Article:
SPUG: itm 60 in effective perl programming

Tim Maher tim at consultix-inc.com
Thu Feb 24 09:14:23 PST 2005

On Thu, Feb 24, 2005 at 01:53:45AM -0800, John W. Krahn wrote:
> ><> is the "input operator"
>              ^^^^^^^^^^^^^^
>              readline operator

I follow Larry's lead; he calls it the "line input operator" on
p. 80 of the 3rd ed. Camel, but I omit the "line" part because it
doesn't necessarily read a line -- the setting of $/ actually
dictates how much data it will read.

> >-- it's like the UNIX shell's "read"
> >command, except it loads $_ with the next line of input
> >rather than some other variable.  
> IIF it is used in a while loop conditional!

Not IIF, because in addition to the while case it also loads $_ for
	for ($i; <>; $i++)
and in the absence of some other specified loop variable, also for 
	"foreach (<>)" 
and of course, it also loads $_ when the implicit loop of -n/-p
is used. 

> >But IMHO, that's a pretty inscrutable way to join lines.  Here's a more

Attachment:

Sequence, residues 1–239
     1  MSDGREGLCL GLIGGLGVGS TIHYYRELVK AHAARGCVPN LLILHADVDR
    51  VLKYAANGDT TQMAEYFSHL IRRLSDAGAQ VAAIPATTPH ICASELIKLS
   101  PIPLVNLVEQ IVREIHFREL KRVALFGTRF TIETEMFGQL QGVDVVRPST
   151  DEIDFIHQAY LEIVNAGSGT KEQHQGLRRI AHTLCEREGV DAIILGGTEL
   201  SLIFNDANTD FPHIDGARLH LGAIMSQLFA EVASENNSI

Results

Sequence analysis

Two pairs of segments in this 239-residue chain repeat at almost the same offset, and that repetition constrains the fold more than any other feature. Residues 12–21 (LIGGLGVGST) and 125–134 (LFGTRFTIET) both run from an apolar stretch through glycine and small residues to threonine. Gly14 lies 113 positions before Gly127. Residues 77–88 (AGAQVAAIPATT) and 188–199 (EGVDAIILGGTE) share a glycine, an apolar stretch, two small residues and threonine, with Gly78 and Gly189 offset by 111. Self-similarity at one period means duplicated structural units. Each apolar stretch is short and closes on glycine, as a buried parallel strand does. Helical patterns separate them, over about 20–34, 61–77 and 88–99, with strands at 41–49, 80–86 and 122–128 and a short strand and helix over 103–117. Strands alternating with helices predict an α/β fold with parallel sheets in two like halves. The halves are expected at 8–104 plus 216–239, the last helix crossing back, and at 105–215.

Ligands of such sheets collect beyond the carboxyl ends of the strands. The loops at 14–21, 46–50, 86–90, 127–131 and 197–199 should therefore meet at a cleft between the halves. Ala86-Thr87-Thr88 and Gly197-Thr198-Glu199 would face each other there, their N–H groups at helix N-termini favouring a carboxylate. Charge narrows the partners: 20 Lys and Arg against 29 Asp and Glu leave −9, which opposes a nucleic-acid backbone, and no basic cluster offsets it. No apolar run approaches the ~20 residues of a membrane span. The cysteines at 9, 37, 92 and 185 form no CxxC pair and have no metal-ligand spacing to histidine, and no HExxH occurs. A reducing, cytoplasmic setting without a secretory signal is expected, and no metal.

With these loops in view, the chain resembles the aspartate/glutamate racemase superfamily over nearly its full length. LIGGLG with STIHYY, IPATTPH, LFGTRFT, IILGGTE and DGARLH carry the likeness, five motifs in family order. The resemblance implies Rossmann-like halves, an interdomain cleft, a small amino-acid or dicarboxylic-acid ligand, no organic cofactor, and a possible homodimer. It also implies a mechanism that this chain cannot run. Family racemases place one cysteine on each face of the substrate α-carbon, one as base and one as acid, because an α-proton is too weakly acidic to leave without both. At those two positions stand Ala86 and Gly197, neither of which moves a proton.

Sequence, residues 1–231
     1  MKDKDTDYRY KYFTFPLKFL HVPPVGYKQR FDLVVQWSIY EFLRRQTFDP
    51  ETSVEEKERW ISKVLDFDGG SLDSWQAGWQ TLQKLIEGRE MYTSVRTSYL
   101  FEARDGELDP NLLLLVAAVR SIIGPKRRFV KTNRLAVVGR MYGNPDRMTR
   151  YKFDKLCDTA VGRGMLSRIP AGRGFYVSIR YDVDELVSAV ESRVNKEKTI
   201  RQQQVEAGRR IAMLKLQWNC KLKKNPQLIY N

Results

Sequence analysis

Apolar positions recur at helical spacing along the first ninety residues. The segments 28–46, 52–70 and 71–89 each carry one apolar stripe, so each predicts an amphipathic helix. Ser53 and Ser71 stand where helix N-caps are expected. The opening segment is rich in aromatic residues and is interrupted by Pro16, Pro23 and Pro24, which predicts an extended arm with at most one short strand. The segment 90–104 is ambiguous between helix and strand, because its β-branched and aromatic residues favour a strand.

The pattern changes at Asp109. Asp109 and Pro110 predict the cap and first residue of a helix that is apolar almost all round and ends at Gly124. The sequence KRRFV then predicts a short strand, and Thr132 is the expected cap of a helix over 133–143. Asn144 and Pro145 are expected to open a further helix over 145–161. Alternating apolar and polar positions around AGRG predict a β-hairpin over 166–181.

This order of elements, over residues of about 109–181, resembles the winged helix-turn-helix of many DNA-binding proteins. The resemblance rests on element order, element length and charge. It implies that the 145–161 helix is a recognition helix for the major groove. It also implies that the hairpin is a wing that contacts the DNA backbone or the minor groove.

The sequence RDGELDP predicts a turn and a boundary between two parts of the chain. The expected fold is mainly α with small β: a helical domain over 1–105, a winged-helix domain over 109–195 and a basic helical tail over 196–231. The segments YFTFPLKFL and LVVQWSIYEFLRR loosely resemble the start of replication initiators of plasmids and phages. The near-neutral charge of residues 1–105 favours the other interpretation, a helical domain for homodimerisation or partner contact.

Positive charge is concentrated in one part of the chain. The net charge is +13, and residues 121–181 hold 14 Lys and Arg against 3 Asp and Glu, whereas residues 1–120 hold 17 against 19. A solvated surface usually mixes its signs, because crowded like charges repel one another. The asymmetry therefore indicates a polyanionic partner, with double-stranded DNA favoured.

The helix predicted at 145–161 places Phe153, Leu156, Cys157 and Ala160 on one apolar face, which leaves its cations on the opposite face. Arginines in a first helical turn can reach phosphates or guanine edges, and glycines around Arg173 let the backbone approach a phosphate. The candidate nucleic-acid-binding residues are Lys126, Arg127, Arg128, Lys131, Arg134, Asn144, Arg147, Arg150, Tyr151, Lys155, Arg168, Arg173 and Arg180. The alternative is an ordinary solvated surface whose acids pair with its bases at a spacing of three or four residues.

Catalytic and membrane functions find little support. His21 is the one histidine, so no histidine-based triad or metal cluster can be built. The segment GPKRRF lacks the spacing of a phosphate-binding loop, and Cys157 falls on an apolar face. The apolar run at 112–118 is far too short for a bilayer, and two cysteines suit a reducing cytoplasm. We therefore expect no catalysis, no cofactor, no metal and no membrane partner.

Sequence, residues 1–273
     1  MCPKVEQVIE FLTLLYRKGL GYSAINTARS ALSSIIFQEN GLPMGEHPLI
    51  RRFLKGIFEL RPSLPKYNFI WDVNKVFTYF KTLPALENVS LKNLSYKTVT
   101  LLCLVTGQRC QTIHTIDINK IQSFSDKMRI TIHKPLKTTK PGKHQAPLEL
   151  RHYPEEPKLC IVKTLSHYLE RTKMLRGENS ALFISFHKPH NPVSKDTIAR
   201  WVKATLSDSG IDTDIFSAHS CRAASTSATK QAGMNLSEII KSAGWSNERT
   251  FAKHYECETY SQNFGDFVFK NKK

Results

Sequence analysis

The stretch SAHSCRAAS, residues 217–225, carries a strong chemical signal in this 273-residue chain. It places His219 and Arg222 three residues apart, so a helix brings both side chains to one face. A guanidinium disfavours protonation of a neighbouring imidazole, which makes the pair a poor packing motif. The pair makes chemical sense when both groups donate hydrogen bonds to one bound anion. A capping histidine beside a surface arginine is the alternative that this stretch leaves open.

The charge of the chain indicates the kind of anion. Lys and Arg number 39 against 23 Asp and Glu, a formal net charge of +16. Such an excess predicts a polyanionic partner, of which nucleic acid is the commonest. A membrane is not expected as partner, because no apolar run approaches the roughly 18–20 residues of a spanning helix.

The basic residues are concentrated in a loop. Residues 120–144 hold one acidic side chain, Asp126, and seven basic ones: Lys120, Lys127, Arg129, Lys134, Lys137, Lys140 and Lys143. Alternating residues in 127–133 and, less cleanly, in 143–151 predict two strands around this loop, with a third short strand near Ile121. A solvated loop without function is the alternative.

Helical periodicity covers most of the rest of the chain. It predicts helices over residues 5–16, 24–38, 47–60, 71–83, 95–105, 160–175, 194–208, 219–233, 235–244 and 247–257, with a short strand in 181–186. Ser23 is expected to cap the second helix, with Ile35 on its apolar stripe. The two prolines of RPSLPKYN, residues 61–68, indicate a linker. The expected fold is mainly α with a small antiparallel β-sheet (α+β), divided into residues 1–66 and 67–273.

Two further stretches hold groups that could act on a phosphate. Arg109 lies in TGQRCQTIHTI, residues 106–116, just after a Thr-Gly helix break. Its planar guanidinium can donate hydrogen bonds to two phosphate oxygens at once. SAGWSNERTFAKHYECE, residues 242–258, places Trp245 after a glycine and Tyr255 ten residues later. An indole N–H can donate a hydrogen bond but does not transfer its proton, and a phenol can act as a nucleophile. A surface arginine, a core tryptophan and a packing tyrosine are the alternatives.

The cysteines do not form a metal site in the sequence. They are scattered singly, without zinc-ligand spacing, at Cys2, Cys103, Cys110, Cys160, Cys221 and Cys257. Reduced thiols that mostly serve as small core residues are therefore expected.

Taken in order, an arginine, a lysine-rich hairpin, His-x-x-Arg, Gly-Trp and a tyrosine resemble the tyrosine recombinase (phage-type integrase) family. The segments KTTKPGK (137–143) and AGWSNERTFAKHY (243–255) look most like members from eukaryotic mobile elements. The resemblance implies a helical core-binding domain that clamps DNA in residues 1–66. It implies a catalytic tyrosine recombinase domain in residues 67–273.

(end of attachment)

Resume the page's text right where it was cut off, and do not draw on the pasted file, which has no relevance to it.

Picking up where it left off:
> >"scrutable" way, based on the implicit loop (-p), assuming you really
> >want a space between each pair of lines as shown above:
> >
> >perl -wpe 's/\n$/ /;' file	# replace newline with space

> Also, the end of line anchor ($) is superfluous as there is
> only one newline in every line (unless you change the Input
> Record Separator.)
> John

Yes, but IMHO it's often worth adding a "superfluous" character or two to
make a program more readable -- and the original poster was a confused
newbie, after all, so I was going for "added scrutability" 8-}

| Tim Maher, PhD     (206) 781-UNIX      (866) DOC-PERL     (866) DOC-UNIX |
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